Friday, March 9, 2018

Friday Food: Beef for Days

One of the inevitable results of buying meat a whole (pig) or half (cow) at a time, is that you end up with a lot of one kind of meat in your freezer, and not much variety. At least, we do. Someday when the children are bigger and we're eating even more than we are now (eek), I'll probably have two freezers and therefore enough space to buy whole pigs and cows at a time, and then we'll have both pork and beef. At the moment, however, it's almost all beef, with some supplemental grocery store pork.

And now, let us jump right into the feeding trough. So to speak.


Short version: Ribeye steaks, onion, rice, broccoli with cheese

Long version: More of the ribeye steaks that I hacked off the ridiculous log of cow flesh A. brought home last week. Except this time I cooked them on my cast iron griddle in the house, which has a grill on the other side. Still good, if not quite as deliciously smokey. I had a little room left on the griddle, which I filled with thick slices of onion. In my experience, you will never be sorry if you cook some onion.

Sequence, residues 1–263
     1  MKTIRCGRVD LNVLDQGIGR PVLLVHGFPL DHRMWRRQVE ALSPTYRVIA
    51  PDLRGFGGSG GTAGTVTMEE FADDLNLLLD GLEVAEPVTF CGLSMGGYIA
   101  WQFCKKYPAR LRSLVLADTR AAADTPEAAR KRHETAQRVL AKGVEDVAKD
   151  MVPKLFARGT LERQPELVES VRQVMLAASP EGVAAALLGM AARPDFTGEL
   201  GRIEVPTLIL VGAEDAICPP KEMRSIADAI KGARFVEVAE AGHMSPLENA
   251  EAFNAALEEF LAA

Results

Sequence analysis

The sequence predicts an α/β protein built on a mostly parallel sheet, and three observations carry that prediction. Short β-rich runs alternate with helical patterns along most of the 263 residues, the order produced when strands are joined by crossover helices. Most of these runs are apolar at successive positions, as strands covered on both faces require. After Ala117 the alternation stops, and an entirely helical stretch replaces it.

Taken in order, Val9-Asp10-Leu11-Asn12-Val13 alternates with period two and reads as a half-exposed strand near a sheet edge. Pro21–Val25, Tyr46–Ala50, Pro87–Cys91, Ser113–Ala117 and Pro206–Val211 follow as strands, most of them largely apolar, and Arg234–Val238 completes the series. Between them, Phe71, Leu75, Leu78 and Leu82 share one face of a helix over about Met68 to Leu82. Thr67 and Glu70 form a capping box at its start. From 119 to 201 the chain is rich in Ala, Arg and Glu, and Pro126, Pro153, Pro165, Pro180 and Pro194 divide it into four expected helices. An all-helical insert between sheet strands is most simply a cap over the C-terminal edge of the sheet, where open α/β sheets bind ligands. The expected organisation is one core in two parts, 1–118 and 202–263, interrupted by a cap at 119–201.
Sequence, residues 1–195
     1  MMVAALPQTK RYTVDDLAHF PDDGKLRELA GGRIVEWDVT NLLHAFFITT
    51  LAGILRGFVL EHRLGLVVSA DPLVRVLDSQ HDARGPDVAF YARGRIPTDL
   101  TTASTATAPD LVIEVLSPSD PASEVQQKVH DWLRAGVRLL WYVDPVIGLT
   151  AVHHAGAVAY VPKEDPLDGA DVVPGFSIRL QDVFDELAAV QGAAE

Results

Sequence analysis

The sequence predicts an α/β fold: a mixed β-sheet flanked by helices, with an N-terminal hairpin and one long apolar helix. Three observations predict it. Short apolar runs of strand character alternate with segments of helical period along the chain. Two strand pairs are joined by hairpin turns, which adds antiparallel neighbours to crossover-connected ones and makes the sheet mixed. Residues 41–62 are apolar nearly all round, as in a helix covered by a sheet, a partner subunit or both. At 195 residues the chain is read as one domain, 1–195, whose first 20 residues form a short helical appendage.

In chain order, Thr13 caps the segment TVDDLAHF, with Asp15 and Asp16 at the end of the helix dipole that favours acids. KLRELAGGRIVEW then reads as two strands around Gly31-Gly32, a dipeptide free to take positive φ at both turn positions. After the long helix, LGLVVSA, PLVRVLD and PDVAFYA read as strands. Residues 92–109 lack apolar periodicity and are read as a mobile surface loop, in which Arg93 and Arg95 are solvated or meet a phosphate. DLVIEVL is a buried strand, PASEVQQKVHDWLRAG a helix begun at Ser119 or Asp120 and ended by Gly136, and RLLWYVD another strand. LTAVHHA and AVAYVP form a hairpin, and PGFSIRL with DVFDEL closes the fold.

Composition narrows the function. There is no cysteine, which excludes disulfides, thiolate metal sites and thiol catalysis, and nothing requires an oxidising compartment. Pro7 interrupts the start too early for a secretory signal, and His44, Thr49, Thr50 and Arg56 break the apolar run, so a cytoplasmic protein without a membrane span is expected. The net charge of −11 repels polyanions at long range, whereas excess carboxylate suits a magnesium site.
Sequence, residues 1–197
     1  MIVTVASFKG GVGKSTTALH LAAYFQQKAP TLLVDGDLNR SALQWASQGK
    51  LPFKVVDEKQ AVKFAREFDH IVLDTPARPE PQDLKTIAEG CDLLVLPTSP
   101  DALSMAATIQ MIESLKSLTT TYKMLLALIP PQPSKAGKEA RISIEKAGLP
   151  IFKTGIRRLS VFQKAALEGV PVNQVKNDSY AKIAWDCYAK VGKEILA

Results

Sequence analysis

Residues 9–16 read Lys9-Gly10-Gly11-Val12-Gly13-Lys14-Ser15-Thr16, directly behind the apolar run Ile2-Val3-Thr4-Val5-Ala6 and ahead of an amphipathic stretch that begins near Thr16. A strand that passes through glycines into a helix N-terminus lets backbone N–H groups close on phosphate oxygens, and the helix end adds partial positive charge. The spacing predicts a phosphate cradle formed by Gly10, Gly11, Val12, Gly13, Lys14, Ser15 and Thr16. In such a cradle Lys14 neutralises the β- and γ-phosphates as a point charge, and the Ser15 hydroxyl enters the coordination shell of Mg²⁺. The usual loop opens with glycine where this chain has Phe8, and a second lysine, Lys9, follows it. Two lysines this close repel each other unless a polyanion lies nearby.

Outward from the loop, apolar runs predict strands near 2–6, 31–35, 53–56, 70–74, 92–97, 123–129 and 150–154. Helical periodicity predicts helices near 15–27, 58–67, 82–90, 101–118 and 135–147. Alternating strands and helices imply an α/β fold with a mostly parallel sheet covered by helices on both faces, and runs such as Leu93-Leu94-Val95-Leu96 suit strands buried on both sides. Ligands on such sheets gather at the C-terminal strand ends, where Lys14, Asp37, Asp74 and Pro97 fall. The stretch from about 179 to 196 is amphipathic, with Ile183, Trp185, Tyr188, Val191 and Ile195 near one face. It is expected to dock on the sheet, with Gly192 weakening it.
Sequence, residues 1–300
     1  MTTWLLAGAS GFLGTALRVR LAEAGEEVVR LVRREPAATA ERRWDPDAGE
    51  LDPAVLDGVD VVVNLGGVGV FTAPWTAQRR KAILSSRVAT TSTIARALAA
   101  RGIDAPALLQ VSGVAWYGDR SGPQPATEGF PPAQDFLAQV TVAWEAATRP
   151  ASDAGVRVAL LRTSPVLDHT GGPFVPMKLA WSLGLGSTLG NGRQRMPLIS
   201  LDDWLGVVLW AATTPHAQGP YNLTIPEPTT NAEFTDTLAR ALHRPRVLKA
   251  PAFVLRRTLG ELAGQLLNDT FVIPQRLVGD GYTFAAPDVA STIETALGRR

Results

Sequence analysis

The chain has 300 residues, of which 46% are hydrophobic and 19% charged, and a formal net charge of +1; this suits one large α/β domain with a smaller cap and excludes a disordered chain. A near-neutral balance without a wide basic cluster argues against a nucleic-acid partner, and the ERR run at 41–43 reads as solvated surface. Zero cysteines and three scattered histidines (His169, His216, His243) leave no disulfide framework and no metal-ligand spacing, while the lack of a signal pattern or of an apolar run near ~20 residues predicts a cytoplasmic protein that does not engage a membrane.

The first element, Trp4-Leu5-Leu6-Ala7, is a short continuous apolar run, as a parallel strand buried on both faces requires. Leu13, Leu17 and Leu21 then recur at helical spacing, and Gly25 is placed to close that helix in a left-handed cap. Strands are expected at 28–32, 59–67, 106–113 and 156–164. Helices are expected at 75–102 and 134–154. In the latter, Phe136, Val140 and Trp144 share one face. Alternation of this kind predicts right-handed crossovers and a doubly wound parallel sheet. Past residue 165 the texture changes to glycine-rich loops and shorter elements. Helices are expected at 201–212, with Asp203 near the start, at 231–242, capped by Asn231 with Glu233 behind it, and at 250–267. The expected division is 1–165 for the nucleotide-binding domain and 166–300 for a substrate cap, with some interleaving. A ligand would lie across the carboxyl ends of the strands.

The rice was left over from the previous week.

The broccoli was steamed, and then I drained it and threw some butter and cheddar cheese pieces in the pot and covered it to let the cheese melt. I had plans to make an actual cheese sauce, which is much better, but then the Subaru broke down entirely a couple of miles from the house (luckily, only A. was in it at the time) and I was dealing with roadside assistance and tow trucks, so no cheese sauce. No baked apples for the same reason. Boo on many levels.


Short version: Carnitas, black beans, carrots

Long version: The boys ate their meat in corn tortillas with cheese, beans, lettuce, and sour cream. A. and I ate our meat with all those things plus salsa, as a salad. If you have never had the joy of consuming a carnitas salad, I urge you to do so at the first opportunity. Delicious.